W and Hillary at Nancy Reagan’s Funeral

A Picture is Worth a Thousand Trolls

Or, How We Got Here.

A few years ago, when the hate that laced our political discourse was heated, but by today’s standards, at what seems like a totally reasonable level, I used to always remind politically-enraged people of Carville and Matalin. James Carville would rage from the left. Mary Matalin would rage from right. Often times they’d share a screen and rage at each other.

And when it was done, they went home and banged. Yes, two leading voices of opposing parties not only fell in love, they got married.

The marriage, while a bit surprising to those who only knew the pair from televised debates or their careers working for presidents on opposite sides of the aisle, was never considered that big of a shock to political insiders.

But to the casual viewer, this was a coupling as sacrilegious as a match between the Montagues and the Capulets. It was as if the Crips and the Bloods joined forces to sell a line of multicolored bandanas.

Of course, it was nothing of the sort. The tossing of political dirt clods was intended for public consumption. Behind the scenes, political operatives and spokespeople often have friendships and romances across political lines. Less often today than a few years ago, but it still happens.

Why? Because part of politics is a show. Part of being an advocate is never giving an inch in public. The rage we see coming from the professionals on television and the Internet is part of a grand messaging scheme intended to increase interest in the campaign, drive turnout, and deliver money into the pockets of everyone from the operatives to the cable networks.

But something went wrong.

The viewers stopped realizing they were watching a show. They acted like they were watching reality TV (if reality TV were real). When the pundits went home and dropped their arguments — and their pants — the viewers went online to carry on the rage. What was faux for the pundits was entirely real for the viewers.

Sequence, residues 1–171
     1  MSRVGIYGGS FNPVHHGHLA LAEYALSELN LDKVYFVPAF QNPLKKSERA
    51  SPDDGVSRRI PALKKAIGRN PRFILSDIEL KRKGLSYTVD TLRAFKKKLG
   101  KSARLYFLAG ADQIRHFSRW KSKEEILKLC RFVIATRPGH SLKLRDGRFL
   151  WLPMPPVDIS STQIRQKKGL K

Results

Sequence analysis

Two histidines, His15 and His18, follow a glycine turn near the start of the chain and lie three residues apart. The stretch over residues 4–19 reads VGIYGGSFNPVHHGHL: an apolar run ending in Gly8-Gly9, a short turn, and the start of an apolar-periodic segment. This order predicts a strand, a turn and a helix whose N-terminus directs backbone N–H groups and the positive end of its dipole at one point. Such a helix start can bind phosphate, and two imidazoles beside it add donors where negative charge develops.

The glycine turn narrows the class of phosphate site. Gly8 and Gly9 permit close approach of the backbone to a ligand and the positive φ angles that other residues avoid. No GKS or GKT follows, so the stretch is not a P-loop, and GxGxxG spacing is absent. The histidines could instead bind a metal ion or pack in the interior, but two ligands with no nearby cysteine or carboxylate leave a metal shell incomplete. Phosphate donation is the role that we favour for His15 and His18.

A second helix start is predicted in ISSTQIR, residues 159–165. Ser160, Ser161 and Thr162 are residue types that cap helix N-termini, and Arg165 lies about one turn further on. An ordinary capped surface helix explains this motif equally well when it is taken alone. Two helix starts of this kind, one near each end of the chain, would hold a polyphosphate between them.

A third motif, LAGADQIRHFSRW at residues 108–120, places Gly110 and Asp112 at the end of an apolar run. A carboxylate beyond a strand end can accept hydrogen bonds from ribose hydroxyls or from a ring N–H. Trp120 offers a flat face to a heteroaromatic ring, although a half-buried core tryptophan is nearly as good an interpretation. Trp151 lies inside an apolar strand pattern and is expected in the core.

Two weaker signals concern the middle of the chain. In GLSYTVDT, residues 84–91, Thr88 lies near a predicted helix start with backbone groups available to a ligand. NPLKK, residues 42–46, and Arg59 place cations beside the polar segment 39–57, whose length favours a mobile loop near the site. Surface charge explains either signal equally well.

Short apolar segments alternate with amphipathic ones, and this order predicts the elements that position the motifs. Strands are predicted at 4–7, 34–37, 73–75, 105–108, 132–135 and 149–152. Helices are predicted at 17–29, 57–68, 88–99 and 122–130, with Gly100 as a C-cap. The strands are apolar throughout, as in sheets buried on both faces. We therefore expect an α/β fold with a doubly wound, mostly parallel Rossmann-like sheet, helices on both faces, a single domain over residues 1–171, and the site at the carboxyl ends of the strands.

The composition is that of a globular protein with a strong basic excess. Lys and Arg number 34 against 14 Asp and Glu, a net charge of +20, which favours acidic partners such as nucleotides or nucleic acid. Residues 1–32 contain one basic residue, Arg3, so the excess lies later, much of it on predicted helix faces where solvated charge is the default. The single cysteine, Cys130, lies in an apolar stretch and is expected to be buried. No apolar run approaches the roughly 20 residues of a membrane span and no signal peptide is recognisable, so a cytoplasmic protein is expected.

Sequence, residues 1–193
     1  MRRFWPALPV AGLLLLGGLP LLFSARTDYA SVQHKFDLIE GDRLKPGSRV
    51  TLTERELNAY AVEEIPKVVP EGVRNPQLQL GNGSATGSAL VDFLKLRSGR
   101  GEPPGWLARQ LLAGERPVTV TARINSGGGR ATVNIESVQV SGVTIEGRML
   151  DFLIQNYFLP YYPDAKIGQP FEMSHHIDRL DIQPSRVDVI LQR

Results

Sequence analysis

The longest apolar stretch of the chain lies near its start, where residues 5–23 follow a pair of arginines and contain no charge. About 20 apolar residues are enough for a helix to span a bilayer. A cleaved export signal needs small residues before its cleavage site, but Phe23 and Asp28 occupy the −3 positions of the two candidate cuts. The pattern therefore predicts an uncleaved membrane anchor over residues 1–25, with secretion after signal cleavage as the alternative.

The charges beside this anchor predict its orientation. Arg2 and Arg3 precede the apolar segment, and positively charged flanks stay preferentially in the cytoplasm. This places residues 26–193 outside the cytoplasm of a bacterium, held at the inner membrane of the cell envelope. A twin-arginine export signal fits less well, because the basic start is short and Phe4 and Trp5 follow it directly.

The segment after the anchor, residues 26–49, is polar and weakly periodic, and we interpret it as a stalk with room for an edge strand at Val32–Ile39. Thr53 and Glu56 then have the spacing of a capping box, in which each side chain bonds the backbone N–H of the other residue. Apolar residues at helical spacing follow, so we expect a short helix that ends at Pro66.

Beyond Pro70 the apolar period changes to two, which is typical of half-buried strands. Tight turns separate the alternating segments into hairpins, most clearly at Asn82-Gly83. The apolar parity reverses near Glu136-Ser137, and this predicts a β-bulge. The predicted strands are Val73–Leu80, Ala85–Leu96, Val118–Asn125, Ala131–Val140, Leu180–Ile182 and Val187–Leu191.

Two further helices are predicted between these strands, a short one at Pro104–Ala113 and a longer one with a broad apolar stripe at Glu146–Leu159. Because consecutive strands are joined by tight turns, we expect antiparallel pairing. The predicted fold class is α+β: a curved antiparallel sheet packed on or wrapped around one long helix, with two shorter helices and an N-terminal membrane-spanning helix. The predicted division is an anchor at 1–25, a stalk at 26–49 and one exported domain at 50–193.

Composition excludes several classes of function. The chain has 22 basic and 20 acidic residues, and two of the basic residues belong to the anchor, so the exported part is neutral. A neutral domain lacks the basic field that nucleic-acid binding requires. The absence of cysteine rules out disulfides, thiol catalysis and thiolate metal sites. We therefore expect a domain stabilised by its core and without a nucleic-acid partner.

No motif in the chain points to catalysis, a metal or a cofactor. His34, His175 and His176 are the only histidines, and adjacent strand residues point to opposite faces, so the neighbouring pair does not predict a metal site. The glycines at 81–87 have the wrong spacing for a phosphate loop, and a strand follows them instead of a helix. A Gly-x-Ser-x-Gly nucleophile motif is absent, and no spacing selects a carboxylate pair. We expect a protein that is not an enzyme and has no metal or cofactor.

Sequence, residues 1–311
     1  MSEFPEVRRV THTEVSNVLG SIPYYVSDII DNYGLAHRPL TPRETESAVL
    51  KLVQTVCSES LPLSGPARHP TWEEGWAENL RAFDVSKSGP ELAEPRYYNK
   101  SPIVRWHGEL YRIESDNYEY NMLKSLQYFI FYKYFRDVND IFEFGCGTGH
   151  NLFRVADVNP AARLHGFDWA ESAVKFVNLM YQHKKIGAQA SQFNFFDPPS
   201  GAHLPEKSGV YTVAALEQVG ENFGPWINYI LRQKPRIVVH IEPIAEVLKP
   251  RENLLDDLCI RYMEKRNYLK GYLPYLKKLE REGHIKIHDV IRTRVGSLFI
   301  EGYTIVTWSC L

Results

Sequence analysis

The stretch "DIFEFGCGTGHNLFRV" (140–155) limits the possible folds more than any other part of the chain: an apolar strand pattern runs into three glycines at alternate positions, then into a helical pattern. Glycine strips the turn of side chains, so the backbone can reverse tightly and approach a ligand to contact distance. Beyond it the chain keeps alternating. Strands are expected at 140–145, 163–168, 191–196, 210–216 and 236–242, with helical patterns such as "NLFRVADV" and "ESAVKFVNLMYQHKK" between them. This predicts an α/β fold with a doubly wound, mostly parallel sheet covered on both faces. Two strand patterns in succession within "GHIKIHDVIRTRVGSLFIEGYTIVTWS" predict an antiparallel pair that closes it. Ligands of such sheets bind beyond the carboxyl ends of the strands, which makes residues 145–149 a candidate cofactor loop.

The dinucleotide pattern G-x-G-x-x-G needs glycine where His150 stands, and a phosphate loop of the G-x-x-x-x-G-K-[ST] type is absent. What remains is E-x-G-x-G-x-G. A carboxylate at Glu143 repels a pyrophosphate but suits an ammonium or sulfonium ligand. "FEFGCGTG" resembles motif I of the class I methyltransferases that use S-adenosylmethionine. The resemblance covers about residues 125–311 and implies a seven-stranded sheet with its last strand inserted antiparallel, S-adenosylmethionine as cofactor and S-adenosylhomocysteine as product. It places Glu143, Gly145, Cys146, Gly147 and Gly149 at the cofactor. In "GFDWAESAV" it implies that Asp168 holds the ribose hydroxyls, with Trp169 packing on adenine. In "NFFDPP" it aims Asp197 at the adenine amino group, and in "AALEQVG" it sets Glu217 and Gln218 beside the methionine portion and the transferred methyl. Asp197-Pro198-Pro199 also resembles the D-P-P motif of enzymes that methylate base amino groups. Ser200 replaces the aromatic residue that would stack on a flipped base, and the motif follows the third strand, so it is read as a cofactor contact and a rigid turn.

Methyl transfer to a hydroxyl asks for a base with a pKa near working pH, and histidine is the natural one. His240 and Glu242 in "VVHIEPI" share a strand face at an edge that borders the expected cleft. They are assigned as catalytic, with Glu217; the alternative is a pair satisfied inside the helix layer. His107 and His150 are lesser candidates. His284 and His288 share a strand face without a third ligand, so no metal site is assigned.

That was bad news for democracy, but it was really good news for viewership, turnout, etc. So, as long as cameras were rolling, the hate speech continued. And it got worse and worse.

And before you knew it, some of the viewers who came of age during the trash-talk era decided to run for office. The pundits and the career politicians all laughed over drinks because, seriously, what kind of a crazy person would vote for these other crazy people?

The answer: The crazy people who became crazy watching all that craziness everyone was hurling at each other in the media.

Add a few billion bucks of unregulated financial support, and boom, the inmates are running the asylum.

But back up a second. It was all a show. Take a look at the photo of Hillary Clinton and George W. Bush from Nancy Reagan’s funeral.

This photo is a brief glimpse of reality. Two people who have dedicated their adult lives to serving their country. Are they perfect? No. Do I agree with both of them equally? Definitely not. But does this photo surprise me?


But we all know such an image will not only surprise, but sicken millions of Americans. On the Left, Dems will wonder how Hillary can hug the enemy, and on the Right, seriously, would heads exploding surprise anyone?

So what do we do? How do we get back to a political landscape that features honest differences, without the wanton rage and hatred?

It will be tough. This has been going on for decades. Mitt Romney’s effort to reel in the rabid wing of the GOP with a single speech was an almost comical effort. “Yes, we’ve been riling you up for three decades, but now that you’ve gone over the line, let’s relax and cool things off a bit, OK guys?”

The politicians told their followers to burn the boats. Then, a few years later, they seem surprised that all boats are gone.

The voters believed it. They thought the hate was serious. They didn’t realize the fight wasn’t real. It reminds me of the words of Apollo Creed’s trainer in the first Rocky: “He doesn’t know it’s a damn show!”

The voters don’t know it was a damn show. And a lot of them probably think that the supportive hug in the photo is either photoshopped or cause for a revolution.

The politicians and pundits can go home and fuck. But the electorate is just fucked.

Dave Pell writes NextDraft. He is the Algorithm.